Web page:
An Olympic legacy lie: Greenwich Time’s peninsula pratfall
For no real reason, council propaganda weekly Greenwich Time has run a double-page spread lauding the redevelopment of the Greenwich Peninsula. Well, other than that the sole reason the paper, funded from the council tax, exists is to present the leadership of Greenwich Council in the best possible light – especially with an election coming up next May.
In which case, GT referring to “luxury apratments” isn’t amusing whatsoever, oh no. The cock-up was corrected in the paper’s online edition, and you can see the double-page spread as a PDF here.
The weak peg was ground being broken on the hotel being built by AEG, the O2’s owners. Last week’s Greenwich Time splashed with with photographs of council leader Chris Roberts and MP Nick Raynsford in hard hats celebrating work getting under way. Roberts and Raynsford have their differences, but they’re always happy to pose for the council’s propaganda rag in hard hats.
Unsurprisingly, the “Olympic legacy” is a bare-faced lie – a hotel formed part of AEG’s successful bid to purchase the Millennium Dome in the early 2000s. Indeed, here’s a BBC News Online story from April 2003 about Greenwich studying the proposals, along with a House of Commons report on the issue from June 2005. Unfortunately, one of London’s most enduring Olympic legacies has been an outbreak of selective amnesia among both Conservative and Labour politicians – and Roberts has been one of the most forgetful.
The 23-storey tower which dominates the view houses the “luxury apratments” – serviced apartments for people to stay in, not live in. It’s a much watered-down scheme from the original proposals to provide a “signature building” for the peninsula. It was was nodded through in 2010, the council’s supposedly politically-neutral planning board split on party lines, with five Labour councillors (including Roberts) backing it, and the two Tories against.
The the bottom three paragraphs above could have been written at any time in the past five years, give or take the odd figure. 853 readers will know all about the new development adjacent to the hotel development, where Greenwich Council has bent its own rules to allow the developer to provide no social or affordable housing whatsoever, providing instead a private school and “high-end residential” buildings. Instead, the council has allowed the developer to concentrate social housing further down the peninsula, including the student halls which are now under construction.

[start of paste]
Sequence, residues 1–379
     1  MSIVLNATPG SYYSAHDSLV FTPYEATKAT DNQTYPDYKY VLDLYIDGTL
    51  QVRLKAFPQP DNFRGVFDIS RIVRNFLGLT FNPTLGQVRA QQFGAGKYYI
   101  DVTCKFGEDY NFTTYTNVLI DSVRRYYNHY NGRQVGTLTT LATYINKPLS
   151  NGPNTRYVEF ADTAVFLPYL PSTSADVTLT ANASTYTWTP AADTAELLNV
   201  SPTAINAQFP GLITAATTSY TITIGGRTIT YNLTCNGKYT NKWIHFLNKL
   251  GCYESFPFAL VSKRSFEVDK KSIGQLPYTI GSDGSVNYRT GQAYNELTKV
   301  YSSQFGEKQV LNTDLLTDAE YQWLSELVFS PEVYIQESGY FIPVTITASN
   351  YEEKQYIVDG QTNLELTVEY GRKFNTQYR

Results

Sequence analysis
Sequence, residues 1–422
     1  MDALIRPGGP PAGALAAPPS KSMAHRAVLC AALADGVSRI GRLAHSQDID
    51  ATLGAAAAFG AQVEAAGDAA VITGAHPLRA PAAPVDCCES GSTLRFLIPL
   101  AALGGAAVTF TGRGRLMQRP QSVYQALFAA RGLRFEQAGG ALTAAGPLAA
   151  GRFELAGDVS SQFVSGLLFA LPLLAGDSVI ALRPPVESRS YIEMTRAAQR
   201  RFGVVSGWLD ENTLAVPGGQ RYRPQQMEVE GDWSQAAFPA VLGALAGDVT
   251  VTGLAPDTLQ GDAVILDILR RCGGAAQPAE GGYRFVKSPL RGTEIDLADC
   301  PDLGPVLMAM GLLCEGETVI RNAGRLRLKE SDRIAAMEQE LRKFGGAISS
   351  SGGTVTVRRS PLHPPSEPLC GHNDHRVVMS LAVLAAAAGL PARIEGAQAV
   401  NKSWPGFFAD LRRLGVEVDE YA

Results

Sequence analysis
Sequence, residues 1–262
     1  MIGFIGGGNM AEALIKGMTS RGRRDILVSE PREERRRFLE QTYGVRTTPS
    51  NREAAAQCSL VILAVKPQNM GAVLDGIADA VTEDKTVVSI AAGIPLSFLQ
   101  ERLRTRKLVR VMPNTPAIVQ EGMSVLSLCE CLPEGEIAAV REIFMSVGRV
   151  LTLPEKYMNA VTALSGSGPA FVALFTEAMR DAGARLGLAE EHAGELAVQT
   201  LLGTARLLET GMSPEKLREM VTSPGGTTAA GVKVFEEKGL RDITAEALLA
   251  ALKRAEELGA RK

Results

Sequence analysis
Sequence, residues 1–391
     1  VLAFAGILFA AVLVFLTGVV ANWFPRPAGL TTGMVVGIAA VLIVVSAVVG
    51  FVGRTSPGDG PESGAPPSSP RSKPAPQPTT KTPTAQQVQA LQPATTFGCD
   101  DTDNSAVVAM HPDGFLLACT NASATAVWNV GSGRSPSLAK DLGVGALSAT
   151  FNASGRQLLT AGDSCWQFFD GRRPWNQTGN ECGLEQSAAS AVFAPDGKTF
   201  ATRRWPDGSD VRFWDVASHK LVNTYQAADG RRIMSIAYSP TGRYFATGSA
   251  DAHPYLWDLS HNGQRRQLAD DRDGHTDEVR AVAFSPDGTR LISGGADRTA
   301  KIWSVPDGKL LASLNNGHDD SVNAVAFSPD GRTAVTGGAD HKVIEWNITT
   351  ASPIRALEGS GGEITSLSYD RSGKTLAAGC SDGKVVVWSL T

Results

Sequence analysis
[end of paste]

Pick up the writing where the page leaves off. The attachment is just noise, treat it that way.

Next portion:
Of course, you won’t find anything about this pre-emptive form of social cleansing in Greenwich Time.
Nor will you read about how the proportion of social housing was cut by Greenwich Council.
Then again, you won’t have found much about it in the area’s commercial newspapers either – but that’s no excuse for the council to fill the gap with weekly propaganda. (Strangely, though, this stuff’s all fine with the National Union of Journalists, which has decided to defend council-run newspapers. After more than a decade, I’m taking my union subscriptions elsewhere.)
Laws are now passing through Parliament to ban the likes of Greenwich Time. It’s a terrible shame for other councils who publish less frequent, less overtly-biased publications, but Greenwich is screwing it up for the rest of them. In the meantime, get set for more of this rubbish between now and next May’s council election.